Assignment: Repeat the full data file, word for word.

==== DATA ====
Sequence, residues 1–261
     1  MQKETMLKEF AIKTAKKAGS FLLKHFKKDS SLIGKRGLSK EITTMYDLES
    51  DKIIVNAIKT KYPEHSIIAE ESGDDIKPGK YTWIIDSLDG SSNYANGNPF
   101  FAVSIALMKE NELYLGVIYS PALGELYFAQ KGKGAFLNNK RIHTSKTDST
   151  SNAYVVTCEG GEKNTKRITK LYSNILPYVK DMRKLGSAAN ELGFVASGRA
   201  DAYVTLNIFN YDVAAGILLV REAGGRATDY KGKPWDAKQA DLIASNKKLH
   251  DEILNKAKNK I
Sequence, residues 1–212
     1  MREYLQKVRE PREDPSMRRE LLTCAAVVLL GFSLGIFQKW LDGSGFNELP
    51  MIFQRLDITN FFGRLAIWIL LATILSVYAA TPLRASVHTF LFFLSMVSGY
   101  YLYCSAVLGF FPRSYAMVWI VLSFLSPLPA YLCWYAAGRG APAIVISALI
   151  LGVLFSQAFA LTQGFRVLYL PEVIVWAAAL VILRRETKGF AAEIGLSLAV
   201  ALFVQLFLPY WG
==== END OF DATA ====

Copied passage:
Sequence, residues 1–261
     1  MQKETMLKEF AIKTAKKAGS FLLKHFKKDS SLIGKRGLSK EITTMYDLES
    51  DKIIVNAIKT KYPEHSIIAE ESGDDIKPGK YTWIIDSLDG SSNYANGNPF
   101  FAVSIALMKE NELYLGVIYS PALGELYFAQ KGKGAFLNNK RIHTSKTDST
   151  SNAYVVTCEG GEKNTKRITK LYSNILPYVK DMRKLGSAAN ELGFVASGRA
   201  DAYVTLNIFN YDVAAGILLV REAGGRATDY KGKPWDAKQA DLIASNKKLH
   251  DEILNKAKNK I
Sequence, residues 1–212
     1  MREYLQKVRE PREDPSMRRE LLTCAAVVLL GFSLGIFQKW LDGSGFNELP
    51  MIFQRLDITN FFGRLAIWIL LATILSVYAA TPLRASVHTF LFFLSMVSGY
   101  YLYCSAVLGF FPRSYAMVWI VLSFLSPLPA YLCWYAAGRG APAIVISALI
   151  LGVLFSQAFA LTQGFRVLYL PEVIVWAAAL VILRRETKGF AAEIGLSLAV
   201  ALFVQLFLPY WG